No Fear

A conversation on twitter today between friends made me start thinking more seriously about being a woman and being a geek and gamer – and also being an academic. Recently, I’ve seen a spate of articles on “fake geek girls” as though that’s an actual thing, posts and articles about male legislators attempting to illegalize abortion or mandating vaginal ultrasounds, rape culture in general, and discussions of sexual assault and rape and whether they can be “prevented” by the victims.

Because this blog is about gaming, I’m not going to launch into my opinions on most of that, but I am going to talk about how all of this is related to girl gamers and the gaming community. Namely, the idea that women are somehow “asking” for the treatment they receive at the hands and controllers of their male compatriots. I also want to note, before I get started, that this is also true of ethnic, religious, and other minorities, of queer folk, and of others marginalized by mainstream Western society. But as a female, that’s the aspect that impacts me most, and so that’s the lens through which I’m approaching the problem.

One of the most frequent pieces of advice “people” tend to give female gamers who complain about harassment is “don’t turn on your mic,” “play a different game,” “only play with friends,” or some other form of “well, you’re just asking for it”-style victim-blaming. If only we women didn’t speak on public channels, post on forums, or interact publicly with male gamers, none of this would be a problem. If only we didn’t wear short skirts or go out in public without a male escort… You get the idea. It’s a much-toned-down version of the same victim-blaming that happens with sexual assault.

Here’s a personal story. I read a piece this morning about a woman assaulted on the New York subway who did nothing, got to work, and had to… clean up after her assailant. She wasn’t raped, per se. She was “rubbed.” And she said nothing about it during the assault because – well, because what DO you say when that happens to you on a crowded train? I don’t know, because I didn’t know what to say when it happened to me. Like her, I dismissed it as a disgusting incident (mine was less disgusting as it involved no “clean-up”), got angry, and moved on with my life. I didn’t consider it assault, not really, because I’d been trained by my society to dismiss such things as “icky stuff that happens sometimes to women.” Just as we dismiss verbal assault and mockery online as “stuff that happens sometimes to female gamers.”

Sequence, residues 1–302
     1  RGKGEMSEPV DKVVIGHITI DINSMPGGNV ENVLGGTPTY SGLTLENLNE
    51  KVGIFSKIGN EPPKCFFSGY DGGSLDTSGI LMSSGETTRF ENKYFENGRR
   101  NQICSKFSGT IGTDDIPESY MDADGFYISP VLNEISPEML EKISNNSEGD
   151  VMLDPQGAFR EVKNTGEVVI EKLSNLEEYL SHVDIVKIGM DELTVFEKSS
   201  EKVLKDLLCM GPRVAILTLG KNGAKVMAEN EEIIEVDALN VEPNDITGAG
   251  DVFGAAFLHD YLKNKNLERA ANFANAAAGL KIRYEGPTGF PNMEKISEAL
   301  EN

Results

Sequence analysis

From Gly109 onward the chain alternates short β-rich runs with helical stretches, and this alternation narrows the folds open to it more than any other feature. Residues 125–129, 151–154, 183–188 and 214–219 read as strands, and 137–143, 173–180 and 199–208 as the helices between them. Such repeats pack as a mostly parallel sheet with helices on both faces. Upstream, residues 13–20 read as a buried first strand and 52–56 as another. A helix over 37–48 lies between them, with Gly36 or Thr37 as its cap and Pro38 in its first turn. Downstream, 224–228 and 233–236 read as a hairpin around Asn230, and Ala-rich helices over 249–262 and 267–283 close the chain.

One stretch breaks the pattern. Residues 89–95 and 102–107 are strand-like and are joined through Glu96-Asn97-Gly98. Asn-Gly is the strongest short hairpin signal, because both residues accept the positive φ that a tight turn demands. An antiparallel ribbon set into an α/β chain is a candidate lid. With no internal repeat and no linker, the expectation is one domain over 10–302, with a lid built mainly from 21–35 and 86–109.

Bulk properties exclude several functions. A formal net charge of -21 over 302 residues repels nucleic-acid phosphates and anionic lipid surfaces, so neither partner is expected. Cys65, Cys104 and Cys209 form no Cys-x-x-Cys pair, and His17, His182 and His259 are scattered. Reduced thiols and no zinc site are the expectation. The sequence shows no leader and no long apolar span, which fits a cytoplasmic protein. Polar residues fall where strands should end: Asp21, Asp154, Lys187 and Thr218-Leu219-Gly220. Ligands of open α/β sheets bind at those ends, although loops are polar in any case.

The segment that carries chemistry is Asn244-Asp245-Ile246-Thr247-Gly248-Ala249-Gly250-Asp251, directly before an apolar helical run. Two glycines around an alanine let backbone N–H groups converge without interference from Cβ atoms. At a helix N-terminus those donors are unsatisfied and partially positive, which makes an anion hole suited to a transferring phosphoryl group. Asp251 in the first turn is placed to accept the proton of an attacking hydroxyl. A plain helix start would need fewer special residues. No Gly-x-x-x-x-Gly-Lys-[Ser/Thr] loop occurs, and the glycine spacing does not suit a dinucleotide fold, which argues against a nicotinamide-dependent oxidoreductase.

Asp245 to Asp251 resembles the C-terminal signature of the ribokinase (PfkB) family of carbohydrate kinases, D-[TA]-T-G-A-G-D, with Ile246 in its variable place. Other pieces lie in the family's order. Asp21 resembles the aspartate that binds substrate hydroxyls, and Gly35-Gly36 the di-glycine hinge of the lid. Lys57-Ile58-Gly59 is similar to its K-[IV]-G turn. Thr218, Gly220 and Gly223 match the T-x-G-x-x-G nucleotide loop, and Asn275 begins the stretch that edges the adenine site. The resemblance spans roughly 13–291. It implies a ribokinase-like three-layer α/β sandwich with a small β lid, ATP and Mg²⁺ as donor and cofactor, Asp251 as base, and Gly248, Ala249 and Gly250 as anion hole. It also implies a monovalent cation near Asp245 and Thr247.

We shouldn’t. We should never dismiss such behavior as something that “just happens sometimes,” whether to us or to others who are playing with us. We shouldn’t have to worry about “what will happen if I say something on this channel?” or “I need to pick an avatar that isn’t obviously female.” We shouldn’t have to mitigate our own (appropriate) behavior to account for the inappropriate behavior of others.

And the kind of culture that tells us – as women, as gamers, as queer folk, as minorities – to “just stop playing” or “get over it, it’s just trash talk” or “it’s just harmless – guys do that” perpetuates the kind of culture that not only allows, but condones and even encourages further sexism and oppression. It’s the kind of culture that produces incidents like the one Slaus Caldwell describes, but it’s also the culture that made his teammate not speak up until the end – because she “knew better” than to expose herself to it. (More here.) I’m not saying she should have spoken up earlier, but that she shouldn’t have been made to feel as though she couldn’t because of her gender (and yes, I’m assuming that is the case, although it might not be).

By tacitly permitting this culture of victim-shaming (because it’s not simply “blame”), we’re making even potential victims feel accountable for mitigating their risk, and thereby holding them responsible for being even potential victims. We’re forcing them out of society without ever actively attacking them by putting them in the position of having to defend themselves from the possibility of being victimized. And that’s much, much worse.

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